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Medical Properties Trust (MPW 1.12%)
Q2 2022 Earnings Call
Aug 03, 2022, 1:00 p.m. ET

Contents:

  • Prepared Remarks
  • Questions and Answers
  • Call Participants

Prepared Remarks:


Operator

Good afternoon. My name is Dennis, and I will be your conference operator today. At this time, I would like to welcome everyone to the Medical Properties Trust second quarter 2022 earnings conference call. [Operator instructions] I would now like to turn the conference over to Charles Lambert, vice president.

Please go ahead.

Charles Lambert -- Vice President, Treasurer, and Managing Director of Capital Markets

Good afternoon. Welcome to the Medical Properties Trust conference call to discuss our second quarter 2022 financial results. With me today are Edward Aldag, Jr., chairman, president, and chief executive officer of the company; and Steven Hamner, executive vice president and chief financial officer. Our press release was distributed this morning and furnished on Form 8-K with the Securities and Exchange Commission.

If you did not receive a copy, it is available on our website at medicalpropertiestrust.com in the Investor Relations section. Additionally, hosting a live webcast of today's call, which you can access in that same section. During the course of this call, we will make projections and certain other statements that may be considered forward-looking statements within the meaning of the Private Securities Litigation Reform Act of 1995. These forward-looking statements are subject to known and unknown risks, uncertainties, and other factors that may cause our financial results and future events to differ materially from those expressed in or underlying such forward-looking statements.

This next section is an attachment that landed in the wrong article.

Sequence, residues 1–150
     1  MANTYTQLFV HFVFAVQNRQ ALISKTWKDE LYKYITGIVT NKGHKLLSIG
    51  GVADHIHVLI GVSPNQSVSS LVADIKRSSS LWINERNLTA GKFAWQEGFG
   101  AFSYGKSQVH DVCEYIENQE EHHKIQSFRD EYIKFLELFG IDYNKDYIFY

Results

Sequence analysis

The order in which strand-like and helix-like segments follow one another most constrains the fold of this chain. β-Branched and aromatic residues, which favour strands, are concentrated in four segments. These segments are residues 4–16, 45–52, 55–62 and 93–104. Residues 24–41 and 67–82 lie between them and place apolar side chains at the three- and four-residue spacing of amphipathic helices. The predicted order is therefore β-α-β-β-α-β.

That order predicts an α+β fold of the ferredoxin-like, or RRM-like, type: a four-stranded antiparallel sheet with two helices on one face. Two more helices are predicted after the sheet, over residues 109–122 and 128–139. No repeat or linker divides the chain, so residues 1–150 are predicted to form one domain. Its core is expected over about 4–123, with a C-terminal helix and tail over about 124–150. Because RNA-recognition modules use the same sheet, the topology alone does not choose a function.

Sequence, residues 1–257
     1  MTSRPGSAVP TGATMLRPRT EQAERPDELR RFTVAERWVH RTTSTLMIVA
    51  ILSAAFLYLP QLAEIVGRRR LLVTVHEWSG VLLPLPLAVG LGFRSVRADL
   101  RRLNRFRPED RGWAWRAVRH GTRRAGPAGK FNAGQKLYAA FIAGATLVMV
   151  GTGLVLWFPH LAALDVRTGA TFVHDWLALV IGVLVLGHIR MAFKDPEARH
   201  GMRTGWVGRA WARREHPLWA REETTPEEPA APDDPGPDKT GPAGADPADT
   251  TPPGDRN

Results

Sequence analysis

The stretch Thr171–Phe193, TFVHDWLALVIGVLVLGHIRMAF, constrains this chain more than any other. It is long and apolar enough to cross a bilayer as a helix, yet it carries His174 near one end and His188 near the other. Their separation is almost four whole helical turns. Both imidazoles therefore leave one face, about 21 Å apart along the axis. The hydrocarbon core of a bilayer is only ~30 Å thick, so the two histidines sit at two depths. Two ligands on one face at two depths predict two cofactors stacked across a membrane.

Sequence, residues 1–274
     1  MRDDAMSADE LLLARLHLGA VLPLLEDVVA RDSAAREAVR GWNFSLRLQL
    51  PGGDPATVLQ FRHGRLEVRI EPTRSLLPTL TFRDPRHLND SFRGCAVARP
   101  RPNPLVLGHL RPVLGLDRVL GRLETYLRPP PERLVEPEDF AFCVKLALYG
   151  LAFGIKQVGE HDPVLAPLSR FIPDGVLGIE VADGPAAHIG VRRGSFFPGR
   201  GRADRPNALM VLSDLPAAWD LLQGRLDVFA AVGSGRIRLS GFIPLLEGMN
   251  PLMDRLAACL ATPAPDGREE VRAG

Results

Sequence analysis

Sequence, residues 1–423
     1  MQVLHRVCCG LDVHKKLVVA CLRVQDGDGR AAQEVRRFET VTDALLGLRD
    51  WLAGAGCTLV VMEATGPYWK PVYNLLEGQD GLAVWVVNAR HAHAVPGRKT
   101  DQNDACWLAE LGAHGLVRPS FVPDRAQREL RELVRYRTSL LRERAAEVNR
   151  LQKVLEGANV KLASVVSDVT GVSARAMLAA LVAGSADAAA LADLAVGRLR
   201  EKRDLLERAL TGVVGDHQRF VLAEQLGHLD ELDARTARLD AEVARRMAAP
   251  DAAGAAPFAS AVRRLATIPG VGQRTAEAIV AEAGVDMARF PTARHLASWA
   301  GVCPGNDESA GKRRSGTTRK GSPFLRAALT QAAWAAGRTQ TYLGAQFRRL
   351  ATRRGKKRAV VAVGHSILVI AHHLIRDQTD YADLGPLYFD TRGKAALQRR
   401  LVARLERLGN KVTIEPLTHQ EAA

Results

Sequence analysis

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We refer you to the company's reports filed with the Securities and Exchange Commission for a discussion of the factors that could cause the company's actual results or future events to differ materially from those expressed in this call. The information being provided today is as of this date only, and except as required by the federal securities laws, the company does not undertake a duty to update any such information. In addition, during the course of the conference call, we will describe certain non-GAAP financial measures, which should be considered in addition to and not in lieu of comparable GAAP financial measures. Please note that in our press release, Medical Properties Trust has reconciled all non-GAAP financial measures to the most directly comparable GAAP measures in accordance with Reg G requirements.

You can also refer to our website at medicalpropertiestrust.com for the most directly comparable financial measures and related reconciliations. I will now turn the call over to our chief executive officer, Ed Aldag.

Ed Aldag -- Chairman, President, and Chief Executive Officer